Markets lend urgency to debt-limit talks
Boehner spokesman calls two-step plan ‘inevitable’
WASHINGTON – Precariously short of time, congressional leaders struggled in urgent, weekend-long talks to avert an unprecedented government default, desperate to show enough progress to head off a plunge in stock prices when Asian markets open ahead of the U.S. workweek.
With the White House consigned to the periphery of negotiations, Republicans sought as much as $4 trillion in deficit cuts over a decade as a condition for raising the nation’s debt limit.
But after hours of staff negotiations followed by a meeting of Congress’ top four leaders, Senate Majority Leader Harry Reid accused GOP leaders of intransigence, adding he would not accept anything less than a deal that raised the debt limit through 2012.
“Their unwillingness to compromise is pushing us to the brink of a default on the full faith and credit of the United States. We have run out of time for politics. Now is the time for cooperation,” he said in a sharply worded statement.
A spokesman for House Speaker John Boehner, Michael Steel, responded mildly. “Like the President and the entire bipartisan, bicameral Congressional leadership, we continue to believe that defaulting on the full faith and credit of the United States is not an option,” he said in a written statement.
Obama met earlier in the day with the Republican and Democratic leaders – but only briefly – the day after Boehner abruptly broke off his own once-promising compromise talks with the White House.
In talks through the afternoon in the Capitol, congressional aides were looking at an immediate debt limit increase of about $1 trillion, officials said, with slightly higher spending cuts to be locked into place simultaneously.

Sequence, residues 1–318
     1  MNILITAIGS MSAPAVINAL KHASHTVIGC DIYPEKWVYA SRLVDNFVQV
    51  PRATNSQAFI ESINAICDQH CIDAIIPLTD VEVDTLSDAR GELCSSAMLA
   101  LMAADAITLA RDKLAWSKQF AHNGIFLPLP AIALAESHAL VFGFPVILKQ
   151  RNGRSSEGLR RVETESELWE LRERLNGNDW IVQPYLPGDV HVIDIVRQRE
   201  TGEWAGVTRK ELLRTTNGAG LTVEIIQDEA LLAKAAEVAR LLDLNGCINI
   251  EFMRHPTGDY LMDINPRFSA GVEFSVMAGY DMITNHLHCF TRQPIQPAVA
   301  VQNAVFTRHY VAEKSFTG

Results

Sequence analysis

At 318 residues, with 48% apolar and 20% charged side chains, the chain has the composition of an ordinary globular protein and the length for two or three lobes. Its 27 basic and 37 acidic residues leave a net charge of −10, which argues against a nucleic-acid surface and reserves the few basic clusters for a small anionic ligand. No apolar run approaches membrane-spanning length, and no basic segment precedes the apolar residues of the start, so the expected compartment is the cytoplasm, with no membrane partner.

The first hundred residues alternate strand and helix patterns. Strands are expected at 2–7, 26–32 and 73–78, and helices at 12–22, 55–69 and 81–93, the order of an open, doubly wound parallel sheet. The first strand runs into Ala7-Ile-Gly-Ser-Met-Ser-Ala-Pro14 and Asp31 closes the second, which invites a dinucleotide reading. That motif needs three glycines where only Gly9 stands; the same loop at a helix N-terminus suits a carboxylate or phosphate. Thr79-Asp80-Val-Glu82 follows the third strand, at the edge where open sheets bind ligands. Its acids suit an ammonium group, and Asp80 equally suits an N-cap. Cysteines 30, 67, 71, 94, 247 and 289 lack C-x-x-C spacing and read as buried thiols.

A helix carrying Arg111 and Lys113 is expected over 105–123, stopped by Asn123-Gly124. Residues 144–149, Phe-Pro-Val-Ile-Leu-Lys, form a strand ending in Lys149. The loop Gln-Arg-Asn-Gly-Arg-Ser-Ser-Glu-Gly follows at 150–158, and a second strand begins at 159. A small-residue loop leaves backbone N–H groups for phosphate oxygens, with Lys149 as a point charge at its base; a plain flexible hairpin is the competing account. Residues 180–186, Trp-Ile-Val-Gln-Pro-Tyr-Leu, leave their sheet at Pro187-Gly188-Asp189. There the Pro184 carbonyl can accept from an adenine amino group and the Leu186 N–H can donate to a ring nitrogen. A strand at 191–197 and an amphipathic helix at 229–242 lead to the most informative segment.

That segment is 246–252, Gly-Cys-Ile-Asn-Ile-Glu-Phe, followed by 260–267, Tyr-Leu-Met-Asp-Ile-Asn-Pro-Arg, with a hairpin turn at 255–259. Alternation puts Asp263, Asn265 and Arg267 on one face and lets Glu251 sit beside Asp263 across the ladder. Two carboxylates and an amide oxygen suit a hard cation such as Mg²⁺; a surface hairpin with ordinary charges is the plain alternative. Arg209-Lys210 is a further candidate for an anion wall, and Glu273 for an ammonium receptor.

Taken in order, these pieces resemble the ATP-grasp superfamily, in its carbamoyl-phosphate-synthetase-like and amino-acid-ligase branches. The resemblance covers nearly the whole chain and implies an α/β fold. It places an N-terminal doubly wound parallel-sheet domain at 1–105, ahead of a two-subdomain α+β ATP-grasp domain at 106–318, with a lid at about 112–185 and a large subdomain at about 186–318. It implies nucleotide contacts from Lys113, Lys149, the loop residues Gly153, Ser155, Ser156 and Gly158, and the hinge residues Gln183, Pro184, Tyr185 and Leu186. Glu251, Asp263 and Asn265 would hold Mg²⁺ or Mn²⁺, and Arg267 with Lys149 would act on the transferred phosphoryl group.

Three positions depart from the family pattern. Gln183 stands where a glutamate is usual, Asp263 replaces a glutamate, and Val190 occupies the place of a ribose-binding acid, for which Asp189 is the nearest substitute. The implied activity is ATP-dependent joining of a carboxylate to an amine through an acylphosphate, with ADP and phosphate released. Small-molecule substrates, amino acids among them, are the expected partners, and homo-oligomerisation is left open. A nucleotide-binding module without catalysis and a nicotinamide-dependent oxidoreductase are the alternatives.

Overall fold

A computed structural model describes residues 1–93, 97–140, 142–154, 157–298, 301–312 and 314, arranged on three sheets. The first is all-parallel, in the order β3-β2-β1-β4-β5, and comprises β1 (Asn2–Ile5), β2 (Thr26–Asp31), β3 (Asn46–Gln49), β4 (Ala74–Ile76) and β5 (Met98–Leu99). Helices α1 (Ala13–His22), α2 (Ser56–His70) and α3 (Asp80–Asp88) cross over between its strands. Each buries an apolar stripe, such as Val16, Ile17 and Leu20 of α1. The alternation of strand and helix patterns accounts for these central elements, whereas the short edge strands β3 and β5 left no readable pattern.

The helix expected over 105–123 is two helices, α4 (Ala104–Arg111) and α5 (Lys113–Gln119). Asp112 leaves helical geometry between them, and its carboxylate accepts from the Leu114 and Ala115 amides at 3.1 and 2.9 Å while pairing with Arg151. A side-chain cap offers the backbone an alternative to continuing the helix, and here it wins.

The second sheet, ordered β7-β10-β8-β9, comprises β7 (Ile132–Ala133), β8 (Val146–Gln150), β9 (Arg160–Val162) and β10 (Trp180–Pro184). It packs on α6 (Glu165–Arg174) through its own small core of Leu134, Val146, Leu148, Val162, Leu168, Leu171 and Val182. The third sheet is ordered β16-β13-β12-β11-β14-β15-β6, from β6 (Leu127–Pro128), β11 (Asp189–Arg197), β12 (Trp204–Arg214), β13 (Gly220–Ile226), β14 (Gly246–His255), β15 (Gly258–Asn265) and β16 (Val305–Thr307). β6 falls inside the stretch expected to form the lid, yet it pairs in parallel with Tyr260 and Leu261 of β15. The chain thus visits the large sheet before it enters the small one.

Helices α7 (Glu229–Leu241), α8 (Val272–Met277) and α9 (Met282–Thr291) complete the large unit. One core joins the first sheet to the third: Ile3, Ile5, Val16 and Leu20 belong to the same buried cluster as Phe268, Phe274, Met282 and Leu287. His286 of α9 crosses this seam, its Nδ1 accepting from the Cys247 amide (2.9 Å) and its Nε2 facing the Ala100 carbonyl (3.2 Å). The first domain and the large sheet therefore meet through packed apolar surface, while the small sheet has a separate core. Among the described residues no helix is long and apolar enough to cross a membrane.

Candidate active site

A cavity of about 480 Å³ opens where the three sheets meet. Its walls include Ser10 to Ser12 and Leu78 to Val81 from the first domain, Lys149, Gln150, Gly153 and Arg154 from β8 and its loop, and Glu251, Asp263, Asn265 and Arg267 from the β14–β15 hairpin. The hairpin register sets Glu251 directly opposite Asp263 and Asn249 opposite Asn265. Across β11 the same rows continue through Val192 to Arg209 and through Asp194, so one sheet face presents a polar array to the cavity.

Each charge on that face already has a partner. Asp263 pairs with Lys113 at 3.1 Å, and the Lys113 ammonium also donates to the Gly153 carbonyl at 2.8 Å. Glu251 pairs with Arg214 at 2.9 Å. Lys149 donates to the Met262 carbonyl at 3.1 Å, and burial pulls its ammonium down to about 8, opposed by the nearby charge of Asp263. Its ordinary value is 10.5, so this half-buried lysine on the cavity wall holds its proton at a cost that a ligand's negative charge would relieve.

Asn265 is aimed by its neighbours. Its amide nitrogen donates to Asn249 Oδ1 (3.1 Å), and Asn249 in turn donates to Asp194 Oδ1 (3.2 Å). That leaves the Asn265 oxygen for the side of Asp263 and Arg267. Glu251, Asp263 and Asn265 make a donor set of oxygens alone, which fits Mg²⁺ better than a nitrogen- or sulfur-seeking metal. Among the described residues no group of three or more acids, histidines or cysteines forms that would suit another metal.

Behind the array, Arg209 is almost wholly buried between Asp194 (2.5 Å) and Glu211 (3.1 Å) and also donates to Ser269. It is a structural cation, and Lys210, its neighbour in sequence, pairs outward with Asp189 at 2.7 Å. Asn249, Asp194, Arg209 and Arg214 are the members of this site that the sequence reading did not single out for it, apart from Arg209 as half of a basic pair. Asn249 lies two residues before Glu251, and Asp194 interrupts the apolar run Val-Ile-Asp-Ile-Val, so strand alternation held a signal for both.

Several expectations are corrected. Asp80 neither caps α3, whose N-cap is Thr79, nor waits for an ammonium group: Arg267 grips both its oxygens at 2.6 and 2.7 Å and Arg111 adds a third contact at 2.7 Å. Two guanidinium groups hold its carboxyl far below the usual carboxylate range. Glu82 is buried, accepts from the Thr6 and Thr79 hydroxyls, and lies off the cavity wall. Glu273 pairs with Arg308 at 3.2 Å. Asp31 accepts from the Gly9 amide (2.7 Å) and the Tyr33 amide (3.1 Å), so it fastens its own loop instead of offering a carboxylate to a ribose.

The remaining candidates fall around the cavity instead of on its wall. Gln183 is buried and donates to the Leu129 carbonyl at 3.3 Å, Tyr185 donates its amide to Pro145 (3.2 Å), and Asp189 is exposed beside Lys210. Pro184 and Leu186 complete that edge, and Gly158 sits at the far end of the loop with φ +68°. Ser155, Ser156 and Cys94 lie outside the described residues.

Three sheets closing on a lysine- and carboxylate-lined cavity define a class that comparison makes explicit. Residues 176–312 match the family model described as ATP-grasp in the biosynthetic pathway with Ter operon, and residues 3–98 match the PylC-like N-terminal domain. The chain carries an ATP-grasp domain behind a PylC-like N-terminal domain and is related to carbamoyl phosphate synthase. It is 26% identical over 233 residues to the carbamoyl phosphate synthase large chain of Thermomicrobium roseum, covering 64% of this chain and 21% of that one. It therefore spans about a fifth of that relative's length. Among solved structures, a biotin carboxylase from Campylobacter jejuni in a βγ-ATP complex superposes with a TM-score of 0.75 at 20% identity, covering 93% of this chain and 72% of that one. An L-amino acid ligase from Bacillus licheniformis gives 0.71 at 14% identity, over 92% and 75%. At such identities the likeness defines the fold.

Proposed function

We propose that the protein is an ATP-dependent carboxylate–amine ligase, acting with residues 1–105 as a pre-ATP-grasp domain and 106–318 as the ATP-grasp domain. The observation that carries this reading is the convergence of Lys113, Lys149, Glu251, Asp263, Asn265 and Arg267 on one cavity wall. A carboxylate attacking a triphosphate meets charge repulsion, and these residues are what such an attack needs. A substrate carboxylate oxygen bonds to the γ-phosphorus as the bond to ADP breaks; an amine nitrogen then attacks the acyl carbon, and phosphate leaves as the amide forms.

Another $1.4 trillion in additional borrowing authority would be needed to satisfy Obama’s demand that any deal extend into 2013. “A two-step process is inevitable,” Steel said, although and based on Reid’s accusation, it was clear the two sides had not yet been able to bridge their differences.
On one point, there was no disagreement – time is running out.
Congressional aides labored to produce a tentative agreement by Monday, congressional officials said. Even that would allow scarcely enough time for the House and Senate to clear legislation in time for Obama’s signature by the Aug. 2 deadline, a week from Tuesday.
More urgently, Boehner told rank-and-file Republicans in a conference call he hoped to be able to announce a “viable framework for progress” by 1 p.m. PDT today, before the stock markets open in Japan and elsewhere in Asia, according to two participants.
Lawmakers fear a big drop in investor confidence in stocks and bonds could start in Asia and sweep toward Europe and the Americas, causing U.S. stock values to plunge on Monday.
Barring action by Aug. 2, the Treasury will run out of the money needed to pay all its bills, triggering a possible default that could seriously damage the domestic economy and send damaging waves across the globe. Obama has warned repeatedly of the possibility of a spike in interest rates that could affect Americans’ mortgages, credit cards and other forms of personal debt.
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